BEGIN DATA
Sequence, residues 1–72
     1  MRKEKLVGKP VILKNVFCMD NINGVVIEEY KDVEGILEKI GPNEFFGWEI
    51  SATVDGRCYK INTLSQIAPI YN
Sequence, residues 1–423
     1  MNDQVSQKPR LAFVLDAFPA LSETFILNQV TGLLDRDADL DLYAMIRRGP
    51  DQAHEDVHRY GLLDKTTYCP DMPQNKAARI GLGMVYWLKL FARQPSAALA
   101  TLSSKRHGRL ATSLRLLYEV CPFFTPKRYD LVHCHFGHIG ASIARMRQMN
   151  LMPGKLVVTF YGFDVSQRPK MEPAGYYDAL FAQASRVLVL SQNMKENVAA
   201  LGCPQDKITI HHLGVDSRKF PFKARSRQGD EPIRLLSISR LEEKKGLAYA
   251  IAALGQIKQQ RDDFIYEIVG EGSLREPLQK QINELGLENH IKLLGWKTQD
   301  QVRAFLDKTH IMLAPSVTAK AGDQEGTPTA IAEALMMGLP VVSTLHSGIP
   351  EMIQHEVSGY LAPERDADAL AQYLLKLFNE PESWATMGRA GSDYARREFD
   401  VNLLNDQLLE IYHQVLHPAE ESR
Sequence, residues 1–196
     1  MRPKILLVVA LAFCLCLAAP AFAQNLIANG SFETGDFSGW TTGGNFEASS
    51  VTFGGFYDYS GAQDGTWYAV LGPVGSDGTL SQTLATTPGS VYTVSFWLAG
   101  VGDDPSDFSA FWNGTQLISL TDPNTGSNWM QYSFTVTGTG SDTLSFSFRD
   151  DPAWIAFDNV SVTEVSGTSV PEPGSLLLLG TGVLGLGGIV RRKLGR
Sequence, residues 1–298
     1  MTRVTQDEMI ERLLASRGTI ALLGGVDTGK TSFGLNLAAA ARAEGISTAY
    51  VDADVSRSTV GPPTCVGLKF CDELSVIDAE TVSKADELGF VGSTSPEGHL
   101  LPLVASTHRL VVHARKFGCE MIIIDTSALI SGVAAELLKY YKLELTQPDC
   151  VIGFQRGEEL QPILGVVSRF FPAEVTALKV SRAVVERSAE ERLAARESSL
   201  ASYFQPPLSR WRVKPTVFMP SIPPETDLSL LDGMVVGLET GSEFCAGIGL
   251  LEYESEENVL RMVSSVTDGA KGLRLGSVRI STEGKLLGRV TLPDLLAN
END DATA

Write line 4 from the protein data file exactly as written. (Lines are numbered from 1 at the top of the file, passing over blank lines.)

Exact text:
Sequence, residues 1–423